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common man) for the maison celèbre, but he granted to him, and much more alloyed in could think of nothing thereabouts worth at- its nature while it is almost the last attritention, except that great ugly citadel which bute we can assign to the irritating and agfrowns upon Boulogne. Here was fame! gressive intellect of Hazlitt." Here, inRare, quaint Bidpai," "Cakes and Ale," deed, is an author, Charles Lamb, about "The Story of a Feather,” and “Rasselas," whom one feels all that desire which Smith here they are in a cluster. How pleasant felt about Hawthorne. It is impossible that all, and yet how widely different from each we can get too near Lamb; and how charmother, the mystery, allegory, and fasci- ingly he has put himself into all his works. nating pictures of Eastern lands, and the We feel his thoughts with him; he lets us graphic home-touches of an English master. into his innermost secrets, even to his doFrom Barzoyeh and his wise sayings to the mestic troubles and his domestic happiluscious beauties of the Happy Valley; from nesses, those glimpses of sunshine which the Abyssinian prince to the mayor of Hole- came more frequently than one could have cum-Corner a long step and strange, but imagined into the gloom of that domestic how natural! The mind is not astonished, tragedy. When in a moment of insanity the fancy is not outraged. Among pleasant his sister stabbed his mother to death, "I books the furtherest lands lie close together, was at hand," he says, only time enough and Tobias Aconite shall have a place be- to snatch the knife out of her grasp.' side the greatest potentate of fiction. A What a terrible picture! His father was pleasant companion in the flesh, a shrewd, witty, pungent conversationalist, Douglas Jerrold, one of that modern army who have made Bouverie Street classic ground. Surely here is a life which has yet to be told! A son is rarely the best biographer of his father. Blanchard Jerrold's is a book full of interest; but where is that life before the son knew the father well enough to understand him? Where are those early days of the printer, those early struggles of the author? We know enough of the man's triumphs; are they not ever before us? Who shall tell us of his failures, of the days when the approaches to the citadel were being conducted, when the trenches had to be made, and the rifle-pits to be dug, the days before the conquering genius burst in upon the guarded garrison of Fame, and waved the tattered banner of victory? Has not all this to be done for Thackeray yet? Mr. Theodore Taylor's book, with its treasured plates, and its most real portrait, is but a preliminary foretaste of the biographical feast to which we hope to sit down. There is a blank in our shelf of pleasant books until that full picture is drawn by some loving pen. "Pendennis," it is true, is there, and " Philip," in which we trace some of the great man's immortal foot-steps; and those miscellaneous papers, with "The White Squall" amongst them, are amongst the most delightful companions whom we summon round the fire on these dark November nights.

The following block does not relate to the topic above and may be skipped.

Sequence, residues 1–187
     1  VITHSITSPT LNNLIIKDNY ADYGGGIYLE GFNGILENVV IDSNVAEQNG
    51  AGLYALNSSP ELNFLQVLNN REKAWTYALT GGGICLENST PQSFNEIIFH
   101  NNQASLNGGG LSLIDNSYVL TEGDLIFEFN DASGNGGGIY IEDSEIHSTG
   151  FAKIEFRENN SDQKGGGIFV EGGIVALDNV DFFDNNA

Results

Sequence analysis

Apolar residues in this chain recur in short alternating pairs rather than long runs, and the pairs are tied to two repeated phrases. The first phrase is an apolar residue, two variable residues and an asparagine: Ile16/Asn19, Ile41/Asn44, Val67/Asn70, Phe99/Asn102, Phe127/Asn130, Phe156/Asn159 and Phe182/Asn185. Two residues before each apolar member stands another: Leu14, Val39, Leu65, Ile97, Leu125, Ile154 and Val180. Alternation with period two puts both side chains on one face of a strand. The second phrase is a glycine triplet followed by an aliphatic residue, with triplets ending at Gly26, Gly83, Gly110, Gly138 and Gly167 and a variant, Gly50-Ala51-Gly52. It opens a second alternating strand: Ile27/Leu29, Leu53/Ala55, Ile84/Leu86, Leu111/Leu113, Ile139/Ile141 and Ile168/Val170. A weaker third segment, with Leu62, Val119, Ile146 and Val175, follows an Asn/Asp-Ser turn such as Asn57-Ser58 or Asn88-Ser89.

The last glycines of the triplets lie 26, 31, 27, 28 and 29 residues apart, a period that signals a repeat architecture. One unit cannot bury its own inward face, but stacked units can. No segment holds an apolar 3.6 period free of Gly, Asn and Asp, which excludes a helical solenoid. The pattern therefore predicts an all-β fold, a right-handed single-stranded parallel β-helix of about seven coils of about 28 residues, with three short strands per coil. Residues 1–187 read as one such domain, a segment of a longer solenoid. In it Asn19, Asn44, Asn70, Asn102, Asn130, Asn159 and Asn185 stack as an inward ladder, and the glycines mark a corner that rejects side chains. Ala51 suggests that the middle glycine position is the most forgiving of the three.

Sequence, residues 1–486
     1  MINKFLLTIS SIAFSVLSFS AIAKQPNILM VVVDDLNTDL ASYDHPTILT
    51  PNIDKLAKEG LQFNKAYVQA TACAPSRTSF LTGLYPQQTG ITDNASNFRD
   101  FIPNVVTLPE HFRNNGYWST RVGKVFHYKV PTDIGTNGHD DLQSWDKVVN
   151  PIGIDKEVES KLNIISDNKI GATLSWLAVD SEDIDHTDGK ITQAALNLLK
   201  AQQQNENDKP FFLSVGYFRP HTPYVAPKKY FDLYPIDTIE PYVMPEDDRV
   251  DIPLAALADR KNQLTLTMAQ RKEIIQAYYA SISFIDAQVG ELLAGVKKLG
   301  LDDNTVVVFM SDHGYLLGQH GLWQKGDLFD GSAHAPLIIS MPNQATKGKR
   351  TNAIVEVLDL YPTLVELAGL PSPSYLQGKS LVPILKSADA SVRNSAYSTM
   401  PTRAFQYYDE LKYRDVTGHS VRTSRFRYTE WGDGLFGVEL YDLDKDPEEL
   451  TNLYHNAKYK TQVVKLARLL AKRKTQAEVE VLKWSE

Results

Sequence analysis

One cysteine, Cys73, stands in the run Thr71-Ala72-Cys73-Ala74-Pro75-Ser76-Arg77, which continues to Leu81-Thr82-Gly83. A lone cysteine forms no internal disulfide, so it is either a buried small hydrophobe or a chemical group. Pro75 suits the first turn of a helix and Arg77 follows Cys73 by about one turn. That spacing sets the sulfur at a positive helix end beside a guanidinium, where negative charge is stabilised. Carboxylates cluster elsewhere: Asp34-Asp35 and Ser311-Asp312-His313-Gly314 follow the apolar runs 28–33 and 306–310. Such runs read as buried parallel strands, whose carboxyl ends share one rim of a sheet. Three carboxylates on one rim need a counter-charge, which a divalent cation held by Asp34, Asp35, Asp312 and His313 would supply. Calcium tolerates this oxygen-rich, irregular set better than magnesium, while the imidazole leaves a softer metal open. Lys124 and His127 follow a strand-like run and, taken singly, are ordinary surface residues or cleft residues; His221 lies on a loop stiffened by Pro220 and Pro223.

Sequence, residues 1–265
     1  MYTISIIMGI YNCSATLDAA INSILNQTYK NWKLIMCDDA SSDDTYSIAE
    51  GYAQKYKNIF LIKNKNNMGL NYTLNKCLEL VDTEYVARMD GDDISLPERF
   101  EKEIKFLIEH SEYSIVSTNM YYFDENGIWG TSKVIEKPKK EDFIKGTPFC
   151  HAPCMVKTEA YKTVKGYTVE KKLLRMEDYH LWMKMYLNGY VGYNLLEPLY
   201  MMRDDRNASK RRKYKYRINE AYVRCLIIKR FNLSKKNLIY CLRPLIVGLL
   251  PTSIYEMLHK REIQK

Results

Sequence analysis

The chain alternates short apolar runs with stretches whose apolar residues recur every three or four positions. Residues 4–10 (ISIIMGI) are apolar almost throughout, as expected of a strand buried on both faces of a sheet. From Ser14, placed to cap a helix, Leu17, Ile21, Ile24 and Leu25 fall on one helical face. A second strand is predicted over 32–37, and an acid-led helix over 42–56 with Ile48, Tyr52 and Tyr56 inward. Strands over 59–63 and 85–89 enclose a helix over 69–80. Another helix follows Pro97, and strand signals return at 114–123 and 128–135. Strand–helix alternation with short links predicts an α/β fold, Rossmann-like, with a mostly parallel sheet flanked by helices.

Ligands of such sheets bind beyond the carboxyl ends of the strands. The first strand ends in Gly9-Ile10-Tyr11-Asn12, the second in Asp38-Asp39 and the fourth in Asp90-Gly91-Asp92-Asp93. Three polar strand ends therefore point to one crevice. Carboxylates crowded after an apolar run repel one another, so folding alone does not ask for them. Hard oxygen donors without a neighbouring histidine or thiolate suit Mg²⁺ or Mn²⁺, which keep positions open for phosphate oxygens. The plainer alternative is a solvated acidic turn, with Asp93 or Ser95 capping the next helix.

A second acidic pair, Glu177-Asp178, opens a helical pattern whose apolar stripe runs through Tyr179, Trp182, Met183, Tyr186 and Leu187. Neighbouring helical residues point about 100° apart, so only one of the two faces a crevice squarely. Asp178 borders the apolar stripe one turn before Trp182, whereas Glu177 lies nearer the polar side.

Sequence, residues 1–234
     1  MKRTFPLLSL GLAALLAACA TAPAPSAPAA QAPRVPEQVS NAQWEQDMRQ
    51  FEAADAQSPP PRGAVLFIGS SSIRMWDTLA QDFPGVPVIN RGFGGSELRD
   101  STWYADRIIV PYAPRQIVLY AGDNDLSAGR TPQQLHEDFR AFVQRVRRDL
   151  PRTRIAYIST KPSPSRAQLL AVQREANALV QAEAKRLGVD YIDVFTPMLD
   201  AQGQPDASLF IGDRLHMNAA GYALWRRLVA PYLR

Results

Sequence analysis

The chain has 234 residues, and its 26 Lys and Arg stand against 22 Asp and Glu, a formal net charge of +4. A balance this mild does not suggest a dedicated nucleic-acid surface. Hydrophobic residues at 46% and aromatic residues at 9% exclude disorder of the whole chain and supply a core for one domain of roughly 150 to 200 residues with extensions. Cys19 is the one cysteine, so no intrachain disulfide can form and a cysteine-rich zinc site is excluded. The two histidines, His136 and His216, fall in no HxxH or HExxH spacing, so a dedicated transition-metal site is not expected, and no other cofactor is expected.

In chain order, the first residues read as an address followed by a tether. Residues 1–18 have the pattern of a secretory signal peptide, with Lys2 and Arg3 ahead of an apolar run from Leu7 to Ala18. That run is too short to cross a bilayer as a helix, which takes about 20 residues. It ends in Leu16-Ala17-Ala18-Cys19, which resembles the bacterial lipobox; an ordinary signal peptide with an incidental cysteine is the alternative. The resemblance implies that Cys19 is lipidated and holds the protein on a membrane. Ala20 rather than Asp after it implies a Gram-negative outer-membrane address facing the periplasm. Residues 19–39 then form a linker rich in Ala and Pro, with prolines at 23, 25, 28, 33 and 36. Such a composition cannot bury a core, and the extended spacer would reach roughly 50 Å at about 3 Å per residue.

A pleasant book in the fullest meaning of the word pleasant, is " Essays by Elia." How well Bulwer has described the secret of Lamb's influence. "He is one of those rare favourites of the Graces on whom the gift of charm is bestowed a gift not indeed denied to Hunt, but much more sparingly

imbecile," says his biographer; "he alone takes care of the old man; when the old man dies, he alone takes charge of the unhappy sister." "For her sake he abandoned all thoughts of love and marriage (all hope of the fairhaired,' whose image yet lifts here and there across his page in later years glimpses of a bygone dream), and with an income of scarcely more than 1007. a year derived from his clerkship, aided for a little while by the old aunt's small annuity, set out on the journey of life at twenty-two years of age, cheerfully with his beloved companion, endeared to him the more by her strange calamity, and the constant apprehension of a recurrence of the malady which had caused it." That is a pleasant essay of Lord Lytton's which appeared in the Quarterly Review a year ago, on "Charles Lamb and his companions." We are in doubt whether we ought not to add the whole of this learned author's essays to our familiar corner. They are to our mind his best performances, unless we except The Caxtons" and "My Novel." Leigh Hunt comes altogether within the meaning of a pleasant companion. There is hardly a more agreeable book than his Indicator," and he has a good deal of that "charm" which belongs to Lamb, and also in a similar degree to Tom Hood. Turning to this latter writer, the mind instinctively wanders to that exquisite picture of solitude

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"The weeping heron, motionless and stiff,
That on a stone, as silently and stilly
Stood, an apparent sentinel, as if
To guard the water lily."

Then the scene shifts momentarily, and
memory turns to that terrible "Song of